A Look Inside Canon

Canon Chairman and CEO Fujio Mitarai detailed some of the steps Canon is taking to achieve the number one position in all of its core businesses.

The group of U.S. editors and analysts at Canon's Tokyo headquarters with Mr. Fujio Mitarai (center).

Canon’s manufacturing facility in Suzhou, China, employs 8,594 workers and produces between between 700 and 1,000 imageRUNNERs a day.

Masaki Nakaoka, senior managing director and chief executive of Canon's Office Imaging Products Operations.

Canon Inc.'s headquarters facility in Tokyo.

Canon Chairman and CEO Fujio Mitarai addresses the group of editors and analysts through a translator.

IPG got a rare opportunity to visit Canon's Tokyo headquarters, see some up-and-coming technologies and watch new imageRUNNERs being assembled.

The sea of blue caps seemed to stretch to the horizon. Beneath each one of them, a Chinese worker quietly, meticulously popped a paper roller or other part into place—parts that, when fully assembled, would form a Canon image­RUNNER ADVANC­E printer.

That was the scene that greeted IPG and a small group of U.S. editors and analysts last month when they toured Canon’s largest MFD manufacturing facility in Suzhou, China, more than an hour west of Shanghai. It was the second stop on an exclusive tour of Canon’s operations in the Far East, which included a visit to Canon Inc.’s Tokyo headquarters. There, they met with several Canon executives, including Chairman and CEO Fujio Mitarai, to learn more about Canon’s global strategy.

Seeing imageRUNNERs being built at the Suzhou manufacturing facility, though, was the most impressive part of the trip. The vast 188,368-square-foot building was filled with hundreds of employees, some working side by side, others in stations 10 or 15 feet apart. They worked silently, occasionally looking up at the small group of visitors moving through their plant, while automated delivery vehicles crept slowly down the aisles, bringing parts (and keeping those visitors on their toes).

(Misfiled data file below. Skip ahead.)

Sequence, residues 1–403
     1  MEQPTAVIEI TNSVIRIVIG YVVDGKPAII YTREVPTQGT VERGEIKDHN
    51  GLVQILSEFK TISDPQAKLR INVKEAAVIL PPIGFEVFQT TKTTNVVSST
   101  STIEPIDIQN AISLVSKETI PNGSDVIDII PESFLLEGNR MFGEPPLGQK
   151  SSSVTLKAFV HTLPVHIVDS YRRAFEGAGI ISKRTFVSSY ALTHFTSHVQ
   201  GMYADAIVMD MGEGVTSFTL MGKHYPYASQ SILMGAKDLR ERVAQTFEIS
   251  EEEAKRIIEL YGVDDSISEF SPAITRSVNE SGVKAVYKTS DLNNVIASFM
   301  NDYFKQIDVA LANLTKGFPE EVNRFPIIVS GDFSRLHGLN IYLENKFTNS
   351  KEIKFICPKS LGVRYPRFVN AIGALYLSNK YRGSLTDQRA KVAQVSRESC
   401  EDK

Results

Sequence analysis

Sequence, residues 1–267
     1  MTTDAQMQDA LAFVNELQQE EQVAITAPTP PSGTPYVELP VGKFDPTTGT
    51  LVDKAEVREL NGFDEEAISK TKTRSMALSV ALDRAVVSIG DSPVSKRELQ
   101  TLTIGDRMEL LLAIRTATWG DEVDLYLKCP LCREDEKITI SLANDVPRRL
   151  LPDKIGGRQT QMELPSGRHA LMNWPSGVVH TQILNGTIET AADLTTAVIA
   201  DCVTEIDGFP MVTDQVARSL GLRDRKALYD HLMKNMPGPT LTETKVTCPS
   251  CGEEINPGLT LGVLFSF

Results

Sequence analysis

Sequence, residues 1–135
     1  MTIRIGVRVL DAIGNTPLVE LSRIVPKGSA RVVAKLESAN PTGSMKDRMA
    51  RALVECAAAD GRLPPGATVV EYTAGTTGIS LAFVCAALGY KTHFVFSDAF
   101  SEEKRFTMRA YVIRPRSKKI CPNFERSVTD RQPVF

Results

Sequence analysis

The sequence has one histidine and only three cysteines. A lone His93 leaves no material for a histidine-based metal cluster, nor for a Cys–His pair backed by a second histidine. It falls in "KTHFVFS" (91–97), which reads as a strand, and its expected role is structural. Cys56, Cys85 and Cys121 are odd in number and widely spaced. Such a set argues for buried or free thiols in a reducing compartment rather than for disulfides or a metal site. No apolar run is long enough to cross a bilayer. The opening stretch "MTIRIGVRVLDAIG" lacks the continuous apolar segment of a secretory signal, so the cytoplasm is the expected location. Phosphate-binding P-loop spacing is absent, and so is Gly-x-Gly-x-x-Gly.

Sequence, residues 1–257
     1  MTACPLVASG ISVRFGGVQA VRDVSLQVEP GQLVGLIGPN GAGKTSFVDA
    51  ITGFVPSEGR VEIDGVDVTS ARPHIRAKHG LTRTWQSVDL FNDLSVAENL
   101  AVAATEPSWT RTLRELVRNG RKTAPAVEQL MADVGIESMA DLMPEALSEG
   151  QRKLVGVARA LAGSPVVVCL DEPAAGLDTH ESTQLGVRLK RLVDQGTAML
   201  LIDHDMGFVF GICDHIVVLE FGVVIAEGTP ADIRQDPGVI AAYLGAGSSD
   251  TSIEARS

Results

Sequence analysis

The manufacturing plant is part of a 3,659,730-square-foot campus that employs 8,594 workers in Suzhou, a city of more than 4 million, laced with picturesque canals and famous for its classical gardens. Chairman and CEO Kazunori Katayama explained that nearly all of the parts for the imageRUNNERs are manufactured on site (drums and toners excluded). He pointed out the large injection molding machines used to create plastic molded parts for the machines, such as paper trays and the machines’ exteriors. Making the parts in-house, he said, assures tighter quality control and saves money, since Canon avoids paying transportation costs for delivery of parts.

Bob has served as editor of In-plant Graphics since October of 1994. Prior to that he served for three years as managing editor of Printing Impressions, a commercial printing publication. Mr. Neubauer is very active in the U.S. in-plant industry. He attends all the major in-plant conferences and has visited more than 130 in-plant operations around the world. He has given presentations to numerous in-plant groups in the U.S., Canada and Australia, including the Association of College and University Printers and the In-plant Printing and Mailing Association. He also coordinates the annual In-Print contest, cosponsored by IPMA and In-plant Graphics.

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